The NBA lockout didn’t produce any real winners. Lots of games and money were lost by everyone involved and in the end, not a lot changed. Superstars can still dictate where they want to play and for how much.
But for this year anyway, the ability to stack a team and be top heavy in star talent may not be as much of an advantage as you might think.
As a result of the new collective bargaining agreement that was agreed to earlier this month, the season will still include 66 games, but they will be condensed into just over four months. That’s a lot of hoops in not as many days as normal. Every team has at least one back-to-back-to-back set of games and some teams will play as many as five games in one week.
In other words, players will get far fewer days off, which means less rest for older players and teams (sorry, Celtic fans) and more of a burden for teams with less depth (hello, Heatles…). This will actually benefit teams with more depth…like the Denver Nuggets.
After re-signing Nene and Arron Afflalo, the Nuggets find themselves awash in good, quality NBA basketball players. No, they don’t have a true superstar. No real “go-to guy” in the textbook sense, but instead they have an abundance of interchangeable parts where almost any player can potentially be that night’s star. Denver can realistically go at least 11 deep off the bench. That’s very rare.
Of course they will miss the toughness of Kenyon Martin, the (sometimes) scoring punch of JR Smith, and the versatility of Wilson Chandler. All three are playing in China right now and only Chandler is likely to return to Denver in the spring after the Chinese League season is over. But if and when Chandler comes back, there might not be much room or playing time for him.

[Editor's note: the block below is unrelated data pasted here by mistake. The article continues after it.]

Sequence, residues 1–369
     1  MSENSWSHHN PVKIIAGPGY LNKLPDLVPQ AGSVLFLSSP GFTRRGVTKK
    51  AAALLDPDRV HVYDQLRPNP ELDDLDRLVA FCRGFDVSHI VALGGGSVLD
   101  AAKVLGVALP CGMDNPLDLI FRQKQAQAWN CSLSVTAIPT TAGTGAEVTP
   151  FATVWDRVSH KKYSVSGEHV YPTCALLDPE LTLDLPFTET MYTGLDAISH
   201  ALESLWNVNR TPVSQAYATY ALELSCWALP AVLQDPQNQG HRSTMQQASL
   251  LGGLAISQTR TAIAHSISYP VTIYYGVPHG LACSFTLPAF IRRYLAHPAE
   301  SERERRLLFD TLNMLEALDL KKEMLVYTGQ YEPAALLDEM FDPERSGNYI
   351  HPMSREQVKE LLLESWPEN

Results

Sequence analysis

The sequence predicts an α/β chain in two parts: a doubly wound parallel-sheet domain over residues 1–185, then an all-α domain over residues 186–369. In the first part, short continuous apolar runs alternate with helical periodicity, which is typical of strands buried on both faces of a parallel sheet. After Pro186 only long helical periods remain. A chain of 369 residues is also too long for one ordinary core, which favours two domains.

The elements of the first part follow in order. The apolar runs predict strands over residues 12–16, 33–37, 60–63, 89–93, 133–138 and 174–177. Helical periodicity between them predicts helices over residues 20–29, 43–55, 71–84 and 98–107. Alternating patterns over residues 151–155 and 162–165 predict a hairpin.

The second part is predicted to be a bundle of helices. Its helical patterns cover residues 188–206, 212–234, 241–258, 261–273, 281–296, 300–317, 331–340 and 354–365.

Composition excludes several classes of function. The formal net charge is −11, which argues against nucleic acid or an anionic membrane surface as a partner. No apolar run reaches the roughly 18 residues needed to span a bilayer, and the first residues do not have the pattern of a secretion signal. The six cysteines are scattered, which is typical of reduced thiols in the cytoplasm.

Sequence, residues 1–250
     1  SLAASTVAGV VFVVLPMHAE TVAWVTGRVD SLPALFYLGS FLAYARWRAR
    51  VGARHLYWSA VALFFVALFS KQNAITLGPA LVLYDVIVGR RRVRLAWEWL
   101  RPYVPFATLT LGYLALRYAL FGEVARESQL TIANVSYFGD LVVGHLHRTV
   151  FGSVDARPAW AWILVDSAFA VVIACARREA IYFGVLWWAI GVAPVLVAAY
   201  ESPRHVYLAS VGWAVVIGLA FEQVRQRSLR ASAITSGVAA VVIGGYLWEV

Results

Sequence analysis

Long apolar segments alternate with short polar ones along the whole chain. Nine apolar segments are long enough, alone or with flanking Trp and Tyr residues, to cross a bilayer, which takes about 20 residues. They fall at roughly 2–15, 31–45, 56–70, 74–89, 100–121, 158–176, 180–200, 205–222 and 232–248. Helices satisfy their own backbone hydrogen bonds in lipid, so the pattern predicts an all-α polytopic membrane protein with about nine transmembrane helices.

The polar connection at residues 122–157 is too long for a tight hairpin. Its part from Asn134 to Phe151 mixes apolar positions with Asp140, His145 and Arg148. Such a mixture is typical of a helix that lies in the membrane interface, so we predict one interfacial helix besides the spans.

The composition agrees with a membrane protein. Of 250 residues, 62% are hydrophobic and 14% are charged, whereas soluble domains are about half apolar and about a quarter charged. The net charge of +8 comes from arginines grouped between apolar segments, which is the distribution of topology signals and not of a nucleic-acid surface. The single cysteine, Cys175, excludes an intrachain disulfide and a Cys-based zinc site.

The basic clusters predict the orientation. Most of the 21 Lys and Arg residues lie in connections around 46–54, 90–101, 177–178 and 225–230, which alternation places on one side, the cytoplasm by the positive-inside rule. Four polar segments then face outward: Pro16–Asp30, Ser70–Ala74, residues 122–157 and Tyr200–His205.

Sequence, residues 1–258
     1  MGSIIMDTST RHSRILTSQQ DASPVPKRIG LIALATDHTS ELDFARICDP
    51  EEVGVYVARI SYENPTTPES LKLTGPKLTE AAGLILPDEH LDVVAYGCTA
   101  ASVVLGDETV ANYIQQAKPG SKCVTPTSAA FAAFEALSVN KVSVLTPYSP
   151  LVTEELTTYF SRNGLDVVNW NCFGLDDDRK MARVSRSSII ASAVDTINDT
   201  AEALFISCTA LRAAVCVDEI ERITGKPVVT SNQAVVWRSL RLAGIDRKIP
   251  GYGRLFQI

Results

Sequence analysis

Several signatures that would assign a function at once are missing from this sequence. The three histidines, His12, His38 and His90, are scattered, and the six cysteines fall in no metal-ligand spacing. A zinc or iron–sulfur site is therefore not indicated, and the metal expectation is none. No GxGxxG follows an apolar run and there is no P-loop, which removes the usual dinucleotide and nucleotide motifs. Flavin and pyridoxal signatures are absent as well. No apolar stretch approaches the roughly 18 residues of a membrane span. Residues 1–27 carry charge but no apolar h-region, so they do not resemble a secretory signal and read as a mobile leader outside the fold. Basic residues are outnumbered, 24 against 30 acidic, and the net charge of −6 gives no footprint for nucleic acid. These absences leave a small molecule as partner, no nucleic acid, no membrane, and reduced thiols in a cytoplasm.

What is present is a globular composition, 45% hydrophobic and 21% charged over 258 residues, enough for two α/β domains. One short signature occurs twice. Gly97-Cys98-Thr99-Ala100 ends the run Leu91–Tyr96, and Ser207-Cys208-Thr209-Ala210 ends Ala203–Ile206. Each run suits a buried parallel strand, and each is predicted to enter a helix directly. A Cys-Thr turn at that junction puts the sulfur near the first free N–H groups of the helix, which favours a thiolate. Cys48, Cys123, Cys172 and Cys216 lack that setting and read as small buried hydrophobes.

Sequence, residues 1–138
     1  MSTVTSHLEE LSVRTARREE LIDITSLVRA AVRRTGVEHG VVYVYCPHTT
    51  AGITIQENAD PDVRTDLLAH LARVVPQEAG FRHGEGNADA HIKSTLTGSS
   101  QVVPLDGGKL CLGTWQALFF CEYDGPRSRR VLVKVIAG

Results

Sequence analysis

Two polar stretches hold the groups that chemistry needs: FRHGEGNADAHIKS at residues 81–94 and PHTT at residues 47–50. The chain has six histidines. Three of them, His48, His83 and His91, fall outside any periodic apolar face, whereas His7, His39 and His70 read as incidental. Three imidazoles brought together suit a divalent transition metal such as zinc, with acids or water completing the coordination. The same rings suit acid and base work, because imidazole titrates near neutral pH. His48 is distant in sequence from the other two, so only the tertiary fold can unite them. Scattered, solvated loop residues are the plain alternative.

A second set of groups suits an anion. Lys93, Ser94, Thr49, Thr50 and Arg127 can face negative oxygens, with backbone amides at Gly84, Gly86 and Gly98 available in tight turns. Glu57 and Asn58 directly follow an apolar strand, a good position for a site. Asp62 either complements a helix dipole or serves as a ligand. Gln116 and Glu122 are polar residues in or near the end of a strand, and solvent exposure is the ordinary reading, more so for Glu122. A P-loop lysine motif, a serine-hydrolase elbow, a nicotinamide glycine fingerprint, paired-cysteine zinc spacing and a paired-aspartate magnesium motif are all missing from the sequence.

Along with Nene and Afflalo, Denver will count on returning players like Ty Lawson and Danilo Gallinari to keep up the momentum from the second half of last season. They will also feature a front line with Al Harrington, Chris Anderson, Timofey Mozgov and Kosta Koufos. They added Corey Brewer and Rudy Hernandez to the mix. And Andre Miller returns to Denver to help in the backcourt as well.
Rookies Kenneth Faried and Jordan Hamilton will probably have to bide their time on the bench for awhile before they can crack George Karl’s playing rotation.
So would a team rather have three superstar players and a roster filled out with low cost journeymen, or a roster that features a lot of players that can provide valuable contributions to a successful squad? In most seasons, it might be debatable, but not this year.
Injuries are going to happen in any season…maybe even more so this year with no off season work having been done with the team. Already, Kobe Bryant has gone down with a wrist injury and the Lakers could be without him for a few weeks. He won’t be the last star player to get hurt. That begs the question: Which teams can withstand injuries to key players and still contend? What happens to a team like Miami if they are without one of their ballyhooed big three for any length of time? Same goes for the Celtics, or any team with a top heavy salary structure.
The Nuggets are in a pretty good place as the season get ready to tip off. Are they NBA Finals worthy? Probably not. They really would need at least one big star and career seasons out of the rest of the key guys to get to that place. But they are built to withstand the rigors of the condensed season, and who knows, if they get a few good bounces, they could be right in the mix with teams like Oklahoma City or either LA team when spring comes around.
As long as they get farther than the Knicks, we should all be happy.